Is EPIHL Future in Doubt?

epihl_2015-16-2The EPL was set up with the purpose of providing a level those capable of playing higher than National League but not at the higher British National  League level. With the BNL gone the EPL has filled the void between the National League and EIHL. With the MK Lightning making move to the EIHL, Guildford and Telford again rumoured to be joining the EIHL and questions around the future of Bracknell and Manchester is the the future of the EPL in doubt?

That question may be a bit alarmist and premature but there are concerns. The EPL’s role in the British set up has always been difficult. It has occupied a small middle ground between the high spending EIHL and the amateur National League. With the MK leaving and noted struggles at the bottom it could be argued that middle ground is shrinking as the those with the cash join the EIHL and struggling either drop into the National League or out of business.

There is though a demand for the middle tier. Peterborough, Basingstoke and Swindon have built their sides in the EPL and have a growing fan base yet their rink and/ or income is not yet able to compete at the EIHL level. Hull Pirates are also trying to do the same place after the Stingrays failed at the EIHL. Also all that work would be lost by joining the National League. The issue is though that the EPL can not be sustainable with 4 or 5 teams and at present it seems there are few candidates to move into the EPL.

Edinburgh moving down from the EIHL is very unlikely and Blackburn or Streatham moving up seems to have not gathered much traction especially given that Silverblades/ Planet Ice are willing to put a team in the EPL to cover the MK whole if no other side makes the move to the league. For the EPL to continue they will need 10 teams realistically. The 2014-15 season showed the difficulty of having 9 teams and a league with fewer than 9 would also hit problems.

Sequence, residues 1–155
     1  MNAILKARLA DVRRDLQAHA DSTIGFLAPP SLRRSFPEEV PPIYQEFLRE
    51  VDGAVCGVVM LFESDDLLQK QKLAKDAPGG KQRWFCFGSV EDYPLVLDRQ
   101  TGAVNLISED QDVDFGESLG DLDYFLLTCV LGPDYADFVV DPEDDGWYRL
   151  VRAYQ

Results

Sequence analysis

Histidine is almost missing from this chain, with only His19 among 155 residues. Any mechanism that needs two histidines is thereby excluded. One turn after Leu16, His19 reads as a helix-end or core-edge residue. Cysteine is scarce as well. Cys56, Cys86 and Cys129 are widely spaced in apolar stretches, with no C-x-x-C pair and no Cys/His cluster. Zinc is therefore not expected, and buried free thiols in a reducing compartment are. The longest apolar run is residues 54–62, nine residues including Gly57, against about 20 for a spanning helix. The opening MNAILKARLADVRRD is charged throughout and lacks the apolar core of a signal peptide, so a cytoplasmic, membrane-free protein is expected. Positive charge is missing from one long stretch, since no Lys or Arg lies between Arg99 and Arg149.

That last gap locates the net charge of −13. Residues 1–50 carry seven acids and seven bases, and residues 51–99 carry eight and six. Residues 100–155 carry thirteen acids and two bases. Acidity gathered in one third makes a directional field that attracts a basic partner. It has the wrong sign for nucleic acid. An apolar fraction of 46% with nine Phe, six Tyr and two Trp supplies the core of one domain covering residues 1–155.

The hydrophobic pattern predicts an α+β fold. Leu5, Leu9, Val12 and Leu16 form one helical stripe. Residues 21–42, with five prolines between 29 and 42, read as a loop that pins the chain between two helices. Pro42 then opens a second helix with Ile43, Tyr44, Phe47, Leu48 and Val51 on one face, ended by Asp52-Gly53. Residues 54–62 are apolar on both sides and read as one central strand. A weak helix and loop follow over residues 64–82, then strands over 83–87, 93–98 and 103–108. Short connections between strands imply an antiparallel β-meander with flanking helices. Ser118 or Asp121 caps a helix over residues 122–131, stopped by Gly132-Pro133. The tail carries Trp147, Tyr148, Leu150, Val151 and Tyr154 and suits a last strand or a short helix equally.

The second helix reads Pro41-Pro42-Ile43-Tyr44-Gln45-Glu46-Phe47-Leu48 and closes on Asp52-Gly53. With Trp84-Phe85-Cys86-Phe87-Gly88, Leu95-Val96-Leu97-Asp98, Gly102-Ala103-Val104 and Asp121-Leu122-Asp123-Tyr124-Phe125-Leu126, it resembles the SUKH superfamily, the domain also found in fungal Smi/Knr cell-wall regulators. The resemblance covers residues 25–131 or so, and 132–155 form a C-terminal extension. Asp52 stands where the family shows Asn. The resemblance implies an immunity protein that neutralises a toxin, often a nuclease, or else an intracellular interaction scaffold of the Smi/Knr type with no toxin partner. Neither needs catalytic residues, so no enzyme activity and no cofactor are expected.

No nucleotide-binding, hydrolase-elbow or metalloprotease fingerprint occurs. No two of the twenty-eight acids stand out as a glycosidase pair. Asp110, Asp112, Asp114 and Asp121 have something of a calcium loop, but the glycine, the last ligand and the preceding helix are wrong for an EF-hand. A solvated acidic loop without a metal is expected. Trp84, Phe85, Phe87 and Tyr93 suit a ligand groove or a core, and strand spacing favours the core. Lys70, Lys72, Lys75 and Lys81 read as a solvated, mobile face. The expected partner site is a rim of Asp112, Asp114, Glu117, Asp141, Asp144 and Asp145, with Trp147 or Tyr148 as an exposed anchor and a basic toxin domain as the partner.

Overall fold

There are rumours the EPL could become a new tier to the National League with promotion and relegation between leagues. This is risky as promoted clubs would need to find the funds to compete at the semi professional higher level and as the EIHA’s English Challenge Cup proved there is a big gulf between the top of the EPL and the top of National League.

The other option is to address the EPL’s role. The Sheffield Steeldogs have done an amazing job in recent years of promoting talent from within and given local players a chance to play at the semi professional ranks. The EPL could use the Steeldogs approach to make the EPL move developmental and lower costs. This is also not without risks as even a development league can not compete with 5 teams and those changes would need to encourage the top sides in the National League to move up.

Whilst this does seem all very negative it is actually a very good opportunity to address the league issue and set out a plan for the league moving forward. A plan that can encourage teams to make the step up and continue to develop and press forward not just on the ice but off of it too.

In my view the EPL’s future is not quite in doubt yet. Rumours over Guildford and Telford joining the EIHL have long been around and to no fruition although Bracknell and perhaps Manchester’s situation is worrying. This summer is an important one for the league as it plans for life without the MK Lightning and I hope the EPL clubs and the EIHA do take the opportunity to look at the role of the league in the UK and what that role will be in years to come as well as making it more attractive and open to teams at the top of NIHL to make the jump forward.

Neil Tucker

Neil has written on ice hockey for many websites concentrating on British ice hockey mostly. Neil also covers ice hockey in other countries and organises his Blueliner Hockey Tour. A graduate of the Manchester Metropolitan University Neil turned his hand to hockey writing in 2009. As well as contributing on Blueliner Hockey Neil has contributed to Get Real Hockey and Slapshot Magasine.

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